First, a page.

Seeking & Amplifying Underrepresented Voices for Energy Equity

Prioritizing energy equity is transforming the way that some utilities are making decisions. To bolster and accelerate those efforts, it’s critical to engage with underrepresented communities and include them in conversations around the transitions that will affect their community.

This engagement builds trust in the community and helps utilities design better customer programs that meet the needs of more diverse populations of customers. Utilities can also receive credit for these good deeds in the form of better J.D. Power ratings and environmental, social, and governance scores that can favorably impact their bottom line.

Sometimes utilities are required by law or regulation to pursue these engagement activities, others may see better participation in programs—like energy efficiency and demand management—that help them efficiently increase customer satisfaction, meet decarbonization goals, or reduce system costs.

Getting Started Serving Underrepresented Voices

There are three main steps to amplify underrepresented voices to achieve better utility results: seek out perspectives, understand priorities and constraints, and design utility programs to reflect the learnings. Let’s examine each to determine what they mean and how best they can inform your strategies.


First, when reaching out to underrepresented communities to increase energy equity, seek out perspective. When engaging underrepresented communities, it’s vital to understand their feelings about new initiatives. Making assumptions is not a winning strategy, so seek out these underrepresented voices and listen to them.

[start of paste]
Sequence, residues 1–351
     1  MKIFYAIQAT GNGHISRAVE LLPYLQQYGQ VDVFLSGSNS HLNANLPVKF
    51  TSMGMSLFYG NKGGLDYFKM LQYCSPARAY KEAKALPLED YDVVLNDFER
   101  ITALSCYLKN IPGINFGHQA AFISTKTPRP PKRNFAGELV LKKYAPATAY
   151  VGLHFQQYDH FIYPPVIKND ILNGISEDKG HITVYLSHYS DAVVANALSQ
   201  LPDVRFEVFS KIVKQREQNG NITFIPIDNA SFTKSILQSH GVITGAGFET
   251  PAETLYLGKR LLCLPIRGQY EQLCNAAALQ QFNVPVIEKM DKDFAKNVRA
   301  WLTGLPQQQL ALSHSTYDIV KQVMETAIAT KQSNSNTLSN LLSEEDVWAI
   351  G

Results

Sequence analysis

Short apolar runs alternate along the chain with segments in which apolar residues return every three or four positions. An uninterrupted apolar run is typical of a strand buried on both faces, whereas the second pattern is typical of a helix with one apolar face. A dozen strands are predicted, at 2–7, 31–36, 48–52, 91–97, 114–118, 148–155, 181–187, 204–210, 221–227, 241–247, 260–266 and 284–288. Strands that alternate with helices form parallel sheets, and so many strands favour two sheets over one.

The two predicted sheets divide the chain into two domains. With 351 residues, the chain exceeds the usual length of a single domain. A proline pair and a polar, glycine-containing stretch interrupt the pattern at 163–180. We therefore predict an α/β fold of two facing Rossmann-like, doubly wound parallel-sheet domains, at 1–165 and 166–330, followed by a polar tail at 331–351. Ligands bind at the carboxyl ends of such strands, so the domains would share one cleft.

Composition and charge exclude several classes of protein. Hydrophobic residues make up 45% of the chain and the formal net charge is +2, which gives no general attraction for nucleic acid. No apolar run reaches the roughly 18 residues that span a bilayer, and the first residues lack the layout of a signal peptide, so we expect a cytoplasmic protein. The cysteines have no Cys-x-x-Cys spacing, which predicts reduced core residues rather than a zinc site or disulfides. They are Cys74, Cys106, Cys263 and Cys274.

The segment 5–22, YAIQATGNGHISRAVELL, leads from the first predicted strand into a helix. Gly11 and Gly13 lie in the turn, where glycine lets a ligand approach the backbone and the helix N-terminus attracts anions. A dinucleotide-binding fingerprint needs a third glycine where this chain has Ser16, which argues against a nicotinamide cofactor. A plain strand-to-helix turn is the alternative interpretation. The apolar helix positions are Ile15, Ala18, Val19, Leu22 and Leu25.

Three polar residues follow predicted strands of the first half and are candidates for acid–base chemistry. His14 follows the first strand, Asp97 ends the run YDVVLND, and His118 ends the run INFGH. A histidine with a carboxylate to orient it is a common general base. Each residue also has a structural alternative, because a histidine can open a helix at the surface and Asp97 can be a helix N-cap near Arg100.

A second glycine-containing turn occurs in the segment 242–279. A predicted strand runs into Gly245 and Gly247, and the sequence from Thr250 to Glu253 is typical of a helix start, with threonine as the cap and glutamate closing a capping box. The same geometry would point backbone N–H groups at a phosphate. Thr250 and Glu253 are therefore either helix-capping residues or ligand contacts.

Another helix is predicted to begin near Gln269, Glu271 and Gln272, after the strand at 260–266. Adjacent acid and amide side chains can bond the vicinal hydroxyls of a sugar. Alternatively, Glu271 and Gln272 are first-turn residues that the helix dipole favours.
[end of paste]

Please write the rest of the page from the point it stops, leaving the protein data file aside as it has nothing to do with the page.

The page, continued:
Create open and honest (and sometimes tense, but that’s ok!) dialogues with people with lived experiences, or with community-based organizations (CBOs) that represent these populations. It’s really important to reach underrepresented communities in settings that are comfortable for them–online calls with slides and utility jargon will likely miss the mark. Meet them where they are, and go the extra mile to be able to communicate with them in their native languages.

This isn’t just our opinion: many organizations have addressed this topic of the energy industry engaging diverse communities in reports, like the American Council for an Energy-Efficient Economy (ACEEE), blogs like RMI, and initiatives like the University of Michigan’s Energy Equity Project.

Listen & Learn

Research indicates that transparent and multi-platform communication improves customer satisfaction, so strategic customer communications and listening are critical for achieving energy equity. Good communication enables outsiders to gain a greater understanding of what drives the opinions/attitudes of underrepresented communities. Some important questions to ask could include:

  • What are your priorities (either related to or beyond your scope) and why?
    • How are those priorities unique compared to other populations?
  • What are your constraints and fears?
    • What’s occurred in the past that has deepened this fear or mistrust?

Asking questions is one important part of this step, but listening to the answers is significantly more important; going deeper to understand the why behind each answer will help utilities truly understand where communities are coming from. Once you receive responses from your communities, aggregate these learnings and amplify the recurring themes that you discover as issues to solve in new programs.

Become Part of the Solution